Last month we presented a couple of scenarios where a pickup’s coil wire was broken, and where peeling the coil – removing some of its wraps – could be

Get Wired

Last month we presented a couple of scenarios where a pickup’s coil wire was broken, and where peeling the coil – removing some of its wraps – could be an easy fix. We covered repairing the first problem, where the coil wire was broken directly where it attaches to the pickup’s white lead. This month we’ll address the second scenario, where the wire is broken somewhere on the coil itself.

Most damage of this type is confined to the coil’s outer wraps. Typically, something has come into contact with the coil, like a screwdriver or a pair of pliers, and one or more of the coil’s outer wraps have been broken. The first step in repairing this problem involves removing the white lead from the pickup, and then removing the coil wire where it wraps through the eyelet several times. Finally, remove any remaining solder from the eyelet so you end up with something like the first illustration above:

Now, grab the loose end of the coil wire, and start peeling. You’ll pull the wire straight off the top of the coil, and as you peel the wire you’ll see it ripping through the wax coating on the coil, which will give you a visual indicator of where the wraps are coming off. If you remove a lot of wraps before you get to the break, you’ll end up with a sizeable handful of wire. Even though it might seem like a lot, it’s really only a very small percentage of the wire that’s on the coil.

You’ll know you’ve reached the break when the wire comes loose in your hand, free from the coil. Find the other end of the wire, and unwrap a couple more turns. This may be a little tricky – finding the end of the wire can sometimes be like looking for the end of a roll of tape. If you find that it’s difficult to find the end of the wire, you can use a soft toothbrush to gently brush the wire in the vicinity of the break. Brush in the direction that the wire was coming off of the coil – this will usually allow you to find the wire’s end without too much trouble.

Don’t assume that there aren’t additional breaks – you’ll need to confirm that this is the case. You should have unwrapped a couple of additional turns of wire in the last paragraph, so now remove the insulation at the end of this section of wire by pulling it between your finger and a piece of fine sandpaper (something like 600 grit). A few pulls should remove the insulation, and you can then use your multimeter to test for continuity between this wire end and the pickup’s black lead.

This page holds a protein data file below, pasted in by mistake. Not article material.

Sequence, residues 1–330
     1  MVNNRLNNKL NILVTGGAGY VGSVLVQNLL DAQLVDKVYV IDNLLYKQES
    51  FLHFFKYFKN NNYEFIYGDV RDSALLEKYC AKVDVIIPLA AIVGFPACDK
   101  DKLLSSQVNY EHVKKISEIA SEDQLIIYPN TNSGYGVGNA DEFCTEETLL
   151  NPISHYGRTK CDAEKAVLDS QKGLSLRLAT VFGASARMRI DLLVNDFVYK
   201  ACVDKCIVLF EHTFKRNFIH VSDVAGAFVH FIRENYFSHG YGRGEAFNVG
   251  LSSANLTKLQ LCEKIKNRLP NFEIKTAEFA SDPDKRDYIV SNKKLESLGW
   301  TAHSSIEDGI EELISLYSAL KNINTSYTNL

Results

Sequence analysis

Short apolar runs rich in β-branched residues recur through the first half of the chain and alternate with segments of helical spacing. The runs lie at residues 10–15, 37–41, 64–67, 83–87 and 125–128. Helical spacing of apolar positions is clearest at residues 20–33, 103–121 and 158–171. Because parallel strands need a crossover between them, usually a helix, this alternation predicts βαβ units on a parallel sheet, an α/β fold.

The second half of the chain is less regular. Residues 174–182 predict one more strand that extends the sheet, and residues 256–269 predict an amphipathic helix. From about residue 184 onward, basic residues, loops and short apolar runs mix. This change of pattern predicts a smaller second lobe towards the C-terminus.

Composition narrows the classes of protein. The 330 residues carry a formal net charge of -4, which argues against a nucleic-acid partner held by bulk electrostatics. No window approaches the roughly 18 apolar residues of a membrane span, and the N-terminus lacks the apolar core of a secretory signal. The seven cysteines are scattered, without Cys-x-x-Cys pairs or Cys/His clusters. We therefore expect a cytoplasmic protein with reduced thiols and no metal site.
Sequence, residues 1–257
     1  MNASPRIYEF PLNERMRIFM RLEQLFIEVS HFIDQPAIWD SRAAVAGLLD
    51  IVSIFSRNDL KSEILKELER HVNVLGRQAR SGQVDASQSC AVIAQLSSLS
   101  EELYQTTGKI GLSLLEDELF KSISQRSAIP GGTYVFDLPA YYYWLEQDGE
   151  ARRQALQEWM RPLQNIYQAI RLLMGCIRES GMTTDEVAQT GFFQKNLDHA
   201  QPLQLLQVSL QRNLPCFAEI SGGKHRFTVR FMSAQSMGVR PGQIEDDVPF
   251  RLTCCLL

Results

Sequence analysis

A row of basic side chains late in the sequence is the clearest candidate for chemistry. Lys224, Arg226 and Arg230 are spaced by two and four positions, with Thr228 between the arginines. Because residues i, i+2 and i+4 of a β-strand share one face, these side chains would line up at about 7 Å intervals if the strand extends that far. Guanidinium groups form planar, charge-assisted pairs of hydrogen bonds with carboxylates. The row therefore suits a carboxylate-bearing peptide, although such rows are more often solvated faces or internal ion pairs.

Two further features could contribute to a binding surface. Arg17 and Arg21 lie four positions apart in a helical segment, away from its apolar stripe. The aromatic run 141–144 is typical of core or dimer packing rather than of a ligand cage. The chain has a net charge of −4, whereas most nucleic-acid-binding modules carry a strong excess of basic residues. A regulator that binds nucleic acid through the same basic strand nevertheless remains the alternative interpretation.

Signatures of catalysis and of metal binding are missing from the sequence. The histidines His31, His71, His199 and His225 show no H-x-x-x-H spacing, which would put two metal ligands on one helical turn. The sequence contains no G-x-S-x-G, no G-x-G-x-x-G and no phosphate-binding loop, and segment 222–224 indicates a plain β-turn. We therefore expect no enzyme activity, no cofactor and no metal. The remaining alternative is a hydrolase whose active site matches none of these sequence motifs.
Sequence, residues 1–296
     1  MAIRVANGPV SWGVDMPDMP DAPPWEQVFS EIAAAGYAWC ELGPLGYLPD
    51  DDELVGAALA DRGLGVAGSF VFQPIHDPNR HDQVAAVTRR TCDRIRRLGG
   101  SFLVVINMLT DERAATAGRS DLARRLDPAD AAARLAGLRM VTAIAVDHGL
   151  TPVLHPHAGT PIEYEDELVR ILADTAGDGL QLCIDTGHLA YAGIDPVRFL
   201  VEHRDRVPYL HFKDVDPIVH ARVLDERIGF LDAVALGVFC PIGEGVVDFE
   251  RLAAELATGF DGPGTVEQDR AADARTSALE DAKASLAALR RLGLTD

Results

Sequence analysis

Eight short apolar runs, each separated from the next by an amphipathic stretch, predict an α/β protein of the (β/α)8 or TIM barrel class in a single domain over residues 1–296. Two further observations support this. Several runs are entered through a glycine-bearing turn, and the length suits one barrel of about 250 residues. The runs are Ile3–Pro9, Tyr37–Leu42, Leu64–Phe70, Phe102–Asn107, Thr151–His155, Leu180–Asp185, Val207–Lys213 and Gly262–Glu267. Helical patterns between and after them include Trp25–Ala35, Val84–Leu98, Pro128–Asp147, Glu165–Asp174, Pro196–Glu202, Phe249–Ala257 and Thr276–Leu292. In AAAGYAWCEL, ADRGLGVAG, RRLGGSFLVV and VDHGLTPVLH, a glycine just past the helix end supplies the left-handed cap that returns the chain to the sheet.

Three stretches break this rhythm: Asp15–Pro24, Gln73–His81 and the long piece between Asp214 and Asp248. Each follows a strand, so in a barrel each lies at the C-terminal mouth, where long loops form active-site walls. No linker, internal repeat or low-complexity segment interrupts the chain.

If you read a DC resistance number other than infinity you should be in good shape. If you read infinity, that means there are more breaks. In that case, start peeling, repeating the steps above until you read a meaningful DC resistance number between the coil wire and the black lead, which will be somewhere between 4.5K and 9K ohms, depending on the pickup.

Now that you’ve removed the “broken” wire and have confirmed that there are no more breaks, continue to peel the coil until the wire wraps are peeling off next to the pickup’s bottom flatwork. You’re going to attach the wire back to the empty eyelet, but you don’t want it coming off of the middle of the coil, as it will surely be snagged when you install the pickup’s cover.

Now discard the peeled wire, with the exception of the last couple of inches, and remove the insulation from this section. If you break the wire in the process, peel off another wrap and try again. Now wrap the end of the wire through the eyelet several times, pulling it taut each time, insert the white pickup lead, and solder it into place. Voilà! Another pickup rescued from the scrap heap. See you next month!

George Ellison
Founder, Acme Guitar Works

Linda Manzer and Pat Metheny’s collaboration on the Pikasso guitar proves that a good creative chemistry between luthier and client can lead to extreme innovation!

Photo by Brian Pickell

The construction of your dream guitar can be a fun journey, but learning the language is essential.

You’ve visited countless websites, played as many guitars as you could lay your hands on, and zeroed in on the luthier that resonates most with you. You’re ready to take the plunge and your next step is to have a conversation with the builder. You’ll both have lots of questions. Be sure to listen and let them guide you through the process. This is when the fun begins.

Read More Show less

Megadeth founder teams up with Gibson for his first acoustic guitar in the Dave Mustaine Collection.

Read More Show less

Gibson 1960 Les Paul 0 8145 is from the final year of the model’s original-production era, and likely from one of the later runs.

The story of 1960 Gibson Les Paul 0 8145—a ’burst with a nameplate and, now, a reputation.

These days it’s difficult to imagine any vintage Gibson Les Paul being a tough sell, but there was a time when 1960 ’bursts were considered less desirable than the ’58s and ’59s of legend—even though Clapton played a ’60 cherry sunburst in his Bluesbreakers days. Such was the case in the mid 1990s, when the family of a local musician who was the original owner of one of these guitars walked into Rumble Seat Music’s original Ithaca, New York, store with this column’s featured instrument.

Read More Show less